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I recently came across these books:

Their subject matter really intrigues me, as I really enjoy topology/geometry/analysis, but had not planned to pursue them since I also want to work in an area with very concrete application. However, I am skeptical. At one point I thought topological data analysis (TDA) was the perfect marriage of my interests, but I have found very little evidence of that field actually being used in computer science, much less in industrial or otherwise more 'practical' settings. It seems like TDA makes mathematicians feel more relevant to the data science world, but I'm not convinced that it makes them so (feel free to contradict me if you think I'm wrong on this point, but note that I want a concrete use case, not an abstract argument about its relevance). I have similar stories about coding theory, certain aspects of set theory, etcetera. They may have theoretical relevance, but is there any situation where, in the process of developing software, one might need to consult theses fields? I don't know of any.

So now my question: is there any practical field of computer science that makes advanced use of differential geometry? Medical imaging, other imaging, computer graphics, virtual reality, and some other fields come to mind as potential application areas. In my (admittedly limited) experience, however, these areas seem to use basic 3D geometry, numerical linear algebra, and sometimes numerical analysis of PDEs. Those are all very nice topics, but they do not require anything as abstract as differential geometry.

Thanks in advance.

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I mainly see differential geometry applied to computer science in the following applied subfields:

  • Computer Graphics / Geometry processing
  • Machine Learning / Signal Processing

For Computer Graphics / Geometry processing, recommend looking for:

For Machine Learning /Signal Processing recommend looking for:

Also check this answer in Math exchange, and this conference Differential Geometry meets Deep Learning

Btw the Functional Differential Geometry is a great book.

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  • $\begingroup$ This is really helpful - thanks! $\endgroup$
    – user37344
    Dec 18 '20 at 4:16
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If you found Structure and Interpretation of Computer Programs interesting, you might like Functional Differential Geometry (It's from the same authors) .

Differential geometry is deceptively simple. It is surprisingly easy to get the right answer with unclear and informal symbol manipulation. To address this problem we use computer programs to communicate a precise understanding of the computations in differential geometry. Expressing the methods of differential geometry in a computer language forces them to be unambiguous and computationally effective. The task of formulating a method as a computer-executable program and debugging that program is a powerful exercise in the learning process. Also, once formalized procedurally, a mathematical idea becomes a tool that can be used directly to compute results.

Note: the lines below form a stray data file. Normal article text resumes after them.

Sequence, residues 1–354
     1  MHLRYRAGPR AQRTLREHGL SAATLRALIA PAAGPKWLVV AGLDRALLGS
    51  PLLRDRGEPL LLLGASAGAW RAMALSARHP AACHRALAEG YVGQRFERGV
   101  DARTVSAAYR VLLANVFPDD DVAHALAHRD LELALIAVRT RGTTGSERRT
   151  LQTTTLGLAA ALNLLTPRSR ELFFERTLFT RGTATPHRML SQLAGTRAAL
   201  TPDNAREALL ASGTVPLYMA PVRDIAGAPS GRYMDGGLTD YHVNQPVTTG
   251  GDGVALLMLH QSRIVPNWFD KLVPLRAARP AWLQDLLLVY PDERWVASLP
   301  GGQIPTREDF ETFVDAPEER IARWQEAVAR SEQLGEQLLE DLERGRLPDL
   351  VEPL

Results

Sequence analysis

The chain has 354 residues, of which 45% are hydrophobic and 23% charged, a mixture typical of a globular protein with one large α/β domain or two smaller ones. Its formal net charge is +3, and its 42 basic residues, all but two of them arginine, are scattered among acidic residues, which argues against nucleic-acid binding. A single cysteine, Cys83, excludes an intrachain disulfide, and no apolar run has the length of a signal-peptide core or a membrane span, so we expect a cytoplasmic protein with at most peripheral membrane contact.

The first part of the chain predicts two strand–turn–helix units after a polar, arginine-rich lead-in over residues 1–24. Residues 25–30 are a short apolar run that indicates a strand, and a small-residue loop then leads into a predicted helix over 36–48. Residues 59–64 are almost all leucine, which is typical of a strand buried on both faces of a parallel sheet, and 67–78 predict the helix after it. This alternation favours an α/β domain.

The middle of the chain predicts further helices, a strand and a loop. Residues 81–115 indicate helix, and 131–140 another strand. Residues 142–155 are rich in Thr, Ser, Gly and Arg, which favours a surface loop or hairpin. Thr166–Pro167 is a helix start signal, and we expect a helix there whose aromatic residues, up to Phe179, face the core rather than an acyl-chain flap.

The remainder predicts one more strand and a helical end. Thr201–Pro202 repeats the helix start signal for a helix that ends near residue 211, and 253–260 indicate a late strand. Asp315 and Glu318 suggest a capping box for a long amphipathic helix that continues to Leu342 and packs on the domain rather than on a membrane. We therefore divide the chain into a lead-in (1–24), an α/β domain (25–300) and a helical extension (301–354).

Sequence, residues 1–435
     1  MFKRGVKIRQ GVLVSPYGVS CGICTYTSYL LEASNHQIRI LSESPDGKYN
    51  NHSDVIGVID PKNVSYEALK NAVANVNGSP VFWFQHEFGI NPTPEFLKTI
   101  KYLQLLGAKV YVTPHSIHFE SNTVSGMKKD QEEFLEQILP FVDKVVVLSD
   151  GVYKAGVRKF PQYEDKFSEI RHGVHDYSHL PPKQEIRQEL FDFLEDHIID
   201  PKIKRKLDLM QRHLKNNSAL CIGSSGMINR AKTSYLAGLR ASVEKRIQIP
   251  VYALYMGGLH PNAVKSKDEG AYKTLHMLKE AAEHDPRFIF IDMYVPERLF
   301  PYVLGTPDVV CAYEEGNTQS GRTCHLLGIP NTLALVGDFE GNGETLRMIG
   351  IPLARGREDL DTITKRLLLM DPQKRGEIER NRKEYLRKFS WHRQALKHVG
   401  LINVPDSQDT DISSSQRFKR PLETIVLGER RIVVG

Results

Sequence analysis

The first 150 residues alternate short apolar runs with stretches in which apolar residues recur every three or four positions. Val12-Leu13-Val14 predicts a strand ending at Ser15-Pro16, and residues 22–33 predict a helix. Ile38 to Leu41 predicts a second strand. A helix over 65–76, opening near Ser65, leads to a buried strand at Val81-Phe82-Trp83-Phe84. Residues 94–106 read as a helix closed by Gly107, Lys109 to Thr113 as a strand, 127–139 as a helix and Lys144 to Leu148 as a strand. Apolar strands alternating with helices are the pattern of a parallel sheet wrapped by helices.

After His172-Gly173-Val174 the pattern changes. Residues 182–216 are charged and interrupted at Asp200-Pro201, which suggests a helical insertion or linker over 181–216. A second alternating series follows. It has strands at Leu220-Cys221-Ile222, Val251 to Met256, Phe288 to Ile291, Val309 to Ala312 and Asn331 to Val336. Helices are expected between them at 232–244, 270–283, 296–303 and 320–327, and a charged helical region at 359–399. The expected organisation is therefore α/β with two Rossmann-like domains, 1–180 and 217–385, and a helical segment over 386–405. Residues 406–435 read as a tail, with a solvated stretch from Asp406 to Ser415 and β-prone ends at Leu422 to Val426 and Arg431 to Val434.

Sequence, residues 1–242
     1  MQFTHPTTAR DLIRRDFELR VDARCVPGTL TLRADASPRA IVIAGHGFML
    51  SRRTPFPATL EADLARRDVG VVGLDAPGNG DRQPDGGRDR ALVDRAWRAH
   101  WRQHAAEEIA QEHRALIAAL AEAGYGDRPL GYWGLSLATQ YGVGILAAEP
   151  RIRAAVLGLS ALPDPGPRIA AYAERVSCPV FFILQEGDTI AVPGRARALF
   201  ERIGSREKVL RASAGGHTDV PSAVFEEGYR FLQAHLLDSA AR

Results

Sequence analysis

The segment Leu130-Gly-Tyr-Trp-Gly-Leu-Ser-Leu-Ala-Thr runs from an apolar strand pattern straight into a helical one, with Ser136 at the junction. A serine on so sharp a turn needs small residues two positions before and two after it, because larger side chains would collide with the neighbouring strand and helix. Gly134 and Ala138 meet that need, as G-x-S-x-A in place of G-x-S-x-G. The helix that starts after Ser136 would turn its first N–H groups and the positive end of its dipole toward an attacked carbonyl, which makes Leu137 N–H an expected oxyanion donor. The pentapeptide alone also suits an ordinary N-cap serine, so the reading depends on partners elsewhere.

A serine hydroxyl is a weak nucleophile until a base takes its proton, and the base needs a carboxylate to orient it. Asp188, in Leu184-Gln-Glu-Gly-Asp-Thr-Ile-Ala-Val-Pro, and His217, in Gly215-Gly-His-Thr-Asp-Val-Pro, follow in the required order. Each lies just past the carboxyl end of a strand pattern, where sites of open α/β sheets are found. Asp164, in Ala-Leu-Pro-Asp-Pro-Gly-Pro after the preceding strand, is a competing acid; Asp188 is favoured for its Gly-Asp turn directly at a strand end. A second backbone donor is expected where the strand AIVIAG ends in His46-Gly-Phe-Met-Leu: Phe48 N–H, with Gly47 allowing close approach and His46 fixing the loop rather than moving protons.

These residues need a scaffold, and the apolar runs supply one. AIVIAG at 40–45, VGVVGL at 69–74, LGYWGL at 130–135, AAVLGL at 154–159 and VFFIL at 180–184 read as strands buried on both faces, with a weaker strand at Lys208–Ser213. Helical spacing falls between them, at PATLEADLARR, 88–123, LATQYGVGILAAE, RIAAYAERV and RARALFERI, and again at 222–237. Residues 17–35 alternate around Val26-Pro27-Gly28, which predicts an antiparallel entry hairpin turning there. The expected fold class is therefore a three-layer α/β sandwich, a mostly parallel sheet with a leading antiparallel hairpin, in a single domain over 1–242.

Taken from Sussman, Wisdom: Functional Differential Geometry

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    $\begingroup$ This seems to be more teaching differential geometry by making use of computer science than the other way around. $\endgroup$
    – Discrete lizard
    Aug 20 '20 at 17:26
  • $\begingroup$ I agree with Discrete lizard, this doesn’t seem to be relevant to the original question. But it looks interesting nonetheless! $\endgroup$
    – user37344
    Aug 24 '20 at 11:40
  • $\begingroup$ Yeah, I just happen to stumble upon it a while back. Maybe I should add a disclaimer :) $\endgroup$
    – Bhishmaraj
    Aug 25 '20 at 7:07
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Nowadays, every field which has the name "differential" in it, is somehow applied in neural networks. For differential geometry for example you can think about differential rendering in computer graphics.

At the moment I am working with the paper "A Differential Theory of Radiative Transfer" by Zhang et al.

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  • $\begingroup$ Thanks, but do you happen to have a specific example? Differential equations (the other most prominent field that I know with differential in it) can be studied at a very “applied” level, which is quite different from studying differential geometry (at least from what I’ve seen). $\endgroup$
    – user37344
    Aug 16 '20 at 23:05
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    $\begingroup$ That's not really what differential geometry is. $\endgroup$
    – Pseudonym
    Aug 17 '20 at 13:34

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